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  3. Anonymous says:

    We now have in the USA, too many ‘Snowflakes’ living in mama’s basement and looking for Bernie Sanders to give them all the ‘free stuff’ they think they are entitled to.

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    • Weatherman says:

      Blizzards have taken up residence in your basement and most people don’t even realize it or acknowledge it. Those blizzards are large corporations being subsidized by the government, which means you and me. Those subsidies include food stamps and healthcare for their employees who are working, sometimes multiple jobs, for less than a living wage and still living below poverty level. Another prime example is Walmart, which has reduced its store security staff and is placing increasing demands on local law enforcement.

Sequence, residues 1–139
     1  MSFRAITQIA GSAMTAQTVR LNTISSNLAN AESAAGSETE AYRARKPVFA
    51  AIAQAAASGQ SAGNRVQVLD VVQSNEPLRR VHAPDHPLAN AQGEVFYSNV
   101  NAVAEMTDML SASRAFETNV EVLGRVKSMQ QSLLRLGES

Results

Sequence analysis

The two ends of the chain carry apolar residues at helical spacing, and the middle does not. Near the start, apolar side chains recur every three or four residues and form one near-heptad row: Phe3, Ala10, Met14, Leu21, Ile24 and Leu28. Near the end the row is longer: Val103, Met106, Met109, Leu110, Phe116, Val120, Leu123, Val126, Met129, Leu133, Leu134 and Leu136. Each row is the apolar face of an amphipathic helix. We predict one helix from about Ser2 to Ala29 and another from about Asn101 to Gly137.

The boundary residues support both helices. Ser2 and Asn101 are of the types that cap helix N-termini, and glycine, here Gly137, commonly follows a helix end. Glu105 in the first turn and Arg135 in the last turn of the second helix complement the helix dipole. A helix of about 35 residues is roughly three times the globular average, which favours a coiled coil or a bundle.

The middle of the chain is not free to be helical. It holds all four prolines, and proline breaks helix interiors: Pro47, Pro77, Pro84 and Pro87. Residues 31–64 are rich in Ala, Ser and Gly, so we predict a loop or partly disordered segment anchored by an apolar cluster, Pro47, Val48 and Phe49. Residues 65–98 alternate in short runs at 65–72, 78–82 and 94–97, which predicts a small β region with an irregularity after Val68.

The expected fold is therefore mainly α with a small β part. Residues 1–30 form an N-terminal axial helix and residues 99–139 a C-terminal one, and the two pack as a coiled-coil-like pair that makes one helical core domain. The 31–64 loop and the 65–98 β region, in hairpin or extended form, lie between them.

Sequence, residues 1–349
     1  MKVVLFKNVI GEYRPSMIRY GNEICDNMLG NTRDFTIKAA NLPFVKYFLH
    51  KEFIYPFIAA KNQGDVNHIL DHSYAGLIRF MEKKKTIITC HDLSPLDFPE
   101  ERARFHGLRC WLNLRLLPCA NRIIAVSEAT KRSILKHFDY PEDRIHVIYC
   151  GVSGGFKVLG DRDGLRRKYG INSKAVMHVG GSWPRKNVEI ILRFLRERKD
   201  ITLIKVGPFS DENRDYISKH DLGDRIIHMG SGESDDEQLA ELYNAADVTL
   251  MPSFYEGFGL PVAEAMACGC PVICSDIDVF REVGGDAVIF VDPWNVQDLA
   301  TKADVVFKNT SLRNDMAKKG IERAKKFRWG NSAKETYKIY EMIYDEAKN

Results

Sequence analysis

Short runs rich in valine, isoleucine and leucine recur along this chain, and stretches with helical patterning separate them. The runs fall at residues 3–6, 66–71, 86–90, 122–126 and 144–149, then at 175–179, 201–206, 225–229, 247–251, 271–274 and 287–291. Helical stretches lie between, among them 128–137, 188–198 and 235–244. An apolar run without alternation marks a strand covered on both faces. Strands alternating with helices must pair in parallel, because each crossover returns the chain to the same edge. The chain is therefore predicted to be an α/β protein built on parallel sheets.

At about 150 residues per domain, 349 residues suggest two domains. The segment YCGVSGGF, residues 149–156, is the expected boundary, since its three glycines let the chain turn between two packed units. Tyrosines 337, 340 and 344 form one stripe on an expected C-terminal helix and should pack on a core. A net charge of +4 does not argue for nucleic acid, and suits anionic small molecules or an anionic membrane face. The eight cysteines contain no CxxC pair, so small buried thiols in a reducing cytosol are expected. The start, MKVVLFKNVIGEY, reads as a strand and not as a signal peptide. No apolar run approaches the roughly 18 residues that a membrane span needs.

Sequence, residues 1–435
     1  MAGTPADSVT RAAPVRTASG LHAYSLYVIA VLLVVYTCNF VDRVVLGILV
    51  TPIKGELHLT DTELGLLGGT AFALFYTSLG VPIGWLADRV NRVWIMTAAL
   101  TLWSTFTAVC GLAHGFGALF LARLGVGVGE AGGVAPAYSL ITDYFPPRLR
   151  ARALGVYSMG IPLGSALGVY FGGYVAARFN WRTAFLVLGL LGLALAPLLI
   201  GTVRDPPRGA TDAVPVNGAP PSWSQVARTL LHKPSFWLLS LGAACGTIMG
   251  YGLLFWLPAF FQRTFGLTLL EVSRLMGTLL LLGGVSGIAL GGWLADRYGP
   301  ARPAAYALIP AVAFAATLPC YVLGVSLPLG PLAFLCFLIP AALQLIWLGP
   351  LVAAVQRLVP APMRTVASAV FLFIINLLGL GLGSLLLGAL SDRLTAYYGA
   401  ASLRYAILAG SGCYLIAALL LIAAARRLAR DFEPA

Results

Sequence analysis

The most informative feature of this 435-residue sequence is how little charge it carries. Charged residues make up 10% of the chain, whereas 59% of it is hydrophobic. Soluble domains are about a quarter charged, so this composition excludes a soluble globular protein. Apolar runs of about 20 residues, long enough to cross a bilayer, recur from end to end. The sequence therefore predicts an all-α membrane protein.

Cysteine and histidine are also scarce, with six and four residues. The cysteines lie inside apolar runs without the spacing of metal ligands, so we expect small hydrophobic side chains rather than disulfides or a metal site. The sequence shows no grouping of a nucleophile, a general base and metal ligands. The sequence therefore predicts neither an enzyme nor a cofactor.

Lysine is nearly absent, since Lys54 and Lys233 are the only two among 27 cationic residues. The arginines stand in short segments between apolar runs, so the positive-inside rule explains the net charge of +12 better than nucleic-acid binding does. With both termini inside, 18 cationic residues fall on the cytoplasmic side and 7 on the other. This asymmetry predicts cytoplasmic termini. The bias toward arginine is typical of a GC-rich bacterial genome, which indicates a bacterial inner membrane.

Bottom line is that we’re subsidizing large corporations to help them keep their wages and employee costs down so that they can make more money for themselves.

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  4. BabyApe says:

    I have worked with two companies (Sprint and Lucent) that sponsored and hired H1B employees. They get them cheaper and provide them less benefits such as health care and retirement. This practice also allows them to raid other countries top talent for less. The practice should be STOPPED as we have qualified workers here they just don’t want to pay for it so the top level people can maximize profit for bigger bonuses.

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  5. Jerry K, says:

    When I used to work in Silicon Valley many of my co workers were H1B, mainly Asians. I believe they were paid less than their US counterparts. They were very good workers.

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  6. The Wizard says:

    In about 2005, I know UTEP hired at least one liberal arts student worker from Juarez on an H1b. While a nice young lady, I didn’t see any special skill she possessed beyond El Paso/US students. H1b and student worker……really? How hard can the job be if you are hiring a student worker anyway? I wonder how many student workers are on H1b visas at UTEP today.